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Breakfast can be difficult - not everyone is in the mood to eat straight away after waking up, some don't have the time.


It’s easy to crave sweet things or eat processed cereals.


The good news is that for most people, if you want to wait until later in the day to eat, then going without a conventional breakfast is fine, as long as when you do eat it’s something substantial.


Think of your body and its need for fuel as if it’s a fire that you need to keep burning all day - you don’t even want it to go out completely at night. 


When we feed a fire with nothing but paper it still burns, but each batch of paper is soon completely used up and we are forever having to add more to keep things burning. The warmth we get from the fire can go from too hot, when the paper first catches light, to almost cold as it’s all burnt away.


If we use logs or coal on the same fire though, then the fire burns more slowly and consistently and we get the benefit of its warmth all day long.


Our bodies are a bit like fires. Sugary foods are to your body like paper is to the fire. They cause a quick release of energy and we can feel good, but very quickly the benefit wears off and we can go into an energy slump.

The drop in energy drives us to add more of the sugary fuel so that we feel better, and so we keep the up-and-down cycle going. You might recognise this pattern in yourself.


If we provide our body with more slow-burning fuel, like proteins and healthy fats, and more slow-burning, unprocessed carbohydrates, and smaller amounts of the fast-acting fuels (like biscuits, pastries, breads and sweets) then we can avoid the up-and-down cycle.


We then feel more satisfied and we avoid the urgent cravings for sugary/starchy foods that are triggered by our ‘fires’ starting to go out.

So start your ‘eating day’ well by making the first thing you eat a slower burning fuel. Whether this is at 6.30am or

11am, have something ready, or easy to prepare, that will keep you going with reliable, constant energy. 

Later in this section, there are some recipes we’ve used if you want to prepare something special, but here are a few ideas for a steady reliable ‘fuelling up’ for breakfast.


  • Eggs - any way you like. Try two eggs and just one piece of quality wholemeal bread. If you are short of time boil a batch of eggs all at once and then eat them hard-boiled over a few days.

  • Fruit and whole fat live Greek yoghurt (or live coconut/soya yoghurt if you are vegan). Berry fruits are particularly good because they help to balance your blood sugar. Sprinkle with nuts/muesli for a bit of variety if you fancy it.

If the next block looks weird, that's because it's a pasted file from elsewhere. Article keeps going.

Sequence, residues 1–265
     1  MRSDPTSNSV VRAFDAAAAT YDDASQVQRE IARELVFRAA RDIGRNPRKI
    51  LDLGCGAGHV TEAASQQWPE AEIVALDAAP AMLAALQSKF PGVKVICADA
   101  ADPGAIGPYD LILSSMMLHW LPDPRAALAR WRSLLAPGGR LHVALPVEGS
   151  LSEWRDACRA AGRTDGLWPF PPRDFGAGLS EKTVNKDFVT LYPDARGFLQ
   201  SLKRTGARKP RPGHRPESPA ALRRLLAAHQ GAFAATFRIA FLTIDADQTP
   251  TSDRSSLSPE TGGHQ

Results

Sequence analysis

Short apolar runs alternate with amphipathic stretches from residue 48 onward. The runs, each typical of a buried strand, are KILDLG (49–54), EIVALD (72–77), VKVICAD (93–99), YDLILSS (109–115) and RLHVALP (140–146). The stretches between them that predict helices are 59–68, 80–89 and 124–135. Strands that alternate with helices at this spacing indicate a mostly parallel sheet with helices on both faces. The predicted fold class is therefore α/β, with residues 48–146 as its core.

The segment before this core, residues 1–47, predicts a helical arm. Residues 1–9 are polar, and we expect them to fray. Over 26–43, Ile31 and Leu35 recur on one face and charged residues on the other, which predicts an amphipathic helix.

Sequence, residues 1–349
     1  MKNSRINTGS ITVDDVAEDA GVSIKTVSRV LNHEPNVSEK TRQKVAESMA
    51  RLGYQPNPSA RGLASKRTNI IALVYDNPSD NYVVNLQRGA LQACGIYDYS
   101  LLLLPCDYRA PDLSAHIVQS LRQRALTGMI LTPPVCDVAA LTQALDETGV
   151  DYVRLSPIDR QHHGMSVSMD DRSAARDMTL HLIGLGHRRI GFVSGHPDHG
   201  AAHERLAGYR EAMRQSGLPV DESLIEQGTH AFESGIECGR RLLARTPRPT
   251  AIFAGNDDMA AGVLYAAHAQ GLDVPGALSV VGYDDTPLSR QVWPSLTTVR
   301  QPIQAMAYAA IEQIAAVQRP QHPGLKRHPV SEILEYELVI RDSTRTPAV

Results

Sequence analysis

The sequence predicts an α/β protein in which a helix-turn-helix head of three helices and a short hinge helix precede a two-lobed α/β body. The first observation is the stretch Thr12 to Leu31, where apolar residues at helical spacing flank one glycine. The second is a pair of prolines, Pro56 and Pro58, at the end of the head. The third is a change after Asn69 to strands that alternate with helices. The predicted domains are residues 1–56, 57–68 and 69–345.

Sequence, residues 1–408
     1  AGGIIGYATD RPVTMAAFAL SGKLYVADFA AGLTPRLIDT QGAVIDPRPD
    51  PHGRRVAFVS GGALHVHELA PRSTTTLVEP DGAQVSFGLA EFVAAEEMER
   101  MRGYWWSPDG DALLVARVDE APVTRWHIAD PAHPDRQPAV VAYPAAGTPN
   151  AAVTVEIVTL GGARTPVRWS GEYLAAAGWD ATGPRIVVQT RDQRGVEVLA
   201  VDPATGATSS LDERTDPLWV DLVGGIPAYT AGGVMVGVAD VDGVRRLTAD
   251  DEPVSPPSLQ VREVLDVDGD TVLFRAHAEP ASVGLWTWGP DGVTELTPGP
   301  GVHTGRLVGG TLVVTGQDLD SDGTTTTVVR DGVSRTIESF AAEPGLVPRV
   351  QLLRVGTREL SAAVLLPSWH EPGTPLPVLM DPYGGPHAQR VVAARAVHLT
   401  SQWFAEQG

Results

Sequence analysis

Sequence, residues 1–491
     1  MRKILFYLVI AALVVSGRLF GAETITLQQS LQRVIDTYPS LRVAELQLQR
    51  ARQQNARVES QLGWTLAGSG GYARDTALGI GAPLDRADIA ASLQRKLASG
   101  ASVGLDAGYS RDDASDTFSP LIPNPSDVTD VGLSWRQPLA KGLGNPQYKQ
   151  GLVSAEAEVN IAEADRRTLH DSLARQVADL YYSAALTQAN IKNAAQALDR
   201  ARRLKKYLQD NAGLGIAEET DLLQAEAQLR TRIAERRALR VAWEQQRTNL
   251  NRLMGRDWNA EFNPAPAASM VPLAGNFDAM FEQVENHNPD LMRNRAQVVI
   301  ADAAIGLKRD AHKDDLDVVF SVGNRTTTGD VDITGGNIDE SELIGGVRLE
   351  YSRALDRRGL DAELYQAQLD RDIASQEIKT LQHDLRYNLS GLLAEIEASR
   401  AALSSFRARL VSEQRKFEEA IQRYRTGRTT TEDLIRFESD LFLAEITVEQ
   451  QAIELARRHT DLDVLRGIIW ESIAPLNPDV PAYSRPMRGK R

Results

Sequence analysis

• Cheese and an apple/pear

  • Wholemeal porridge with berries and yoghurt

  • Smoked mackerel or any tinned oily fish on wholemeal toast

  • Leftovers from last night’s dinner (yes, cottage pie is delicious at breakfast time...for some of us!)

  • Carefully sourced/made flapjacks (recipe later)

  • Any fruit/veg protein-rich smoothie (recipe later)


Plan for ‘lazy’ moments


If you normally just tip some commercially made cereal into a bowl, or grab a processed cereal bar, or have a piece of toast spread with something sweet, you’ll need to break the habit if you want to nurture your wellbeing.

Do this by having your alternative breakfast ready-prepared, or at least write down what you intend to have and leave the remainder where you will see it in your hazy wake-up daze.


If you intend to eat for the first time mid-morning or at work, when you are well into your day, be prepared for ‘lazy mind’. You won’t want to spend long finding/preparing food as you’ll be feeling quite hungry, so plan ahead and have it ready and easy to eat.

For example, prepare and put your food in the fridge, take it to work or write down what you intend to buy. If your workplace has stores of tempting snacks brought in by other people (mine always did!), or a canteen stocked with sweet goodies, it’s all the more important to go in with your alternative food to hand.


Useful breakfasts to take to work might include (* means we’ve included the recipe further down)

  • A breakfast flapjack*

  • Apple, nuts, raisins and live, full-fat yoghurt, either mixed together or separately

  • A homemade protein-rich smoothie/shake (or a quality bought one) *

  • Banana wholemeal sandwich* 

  • Wellbeing bars *

  • Overnight oats *

  • Smoked salmon and cream cheese wholemeal bread sandwich

  • Pecan pancakes*

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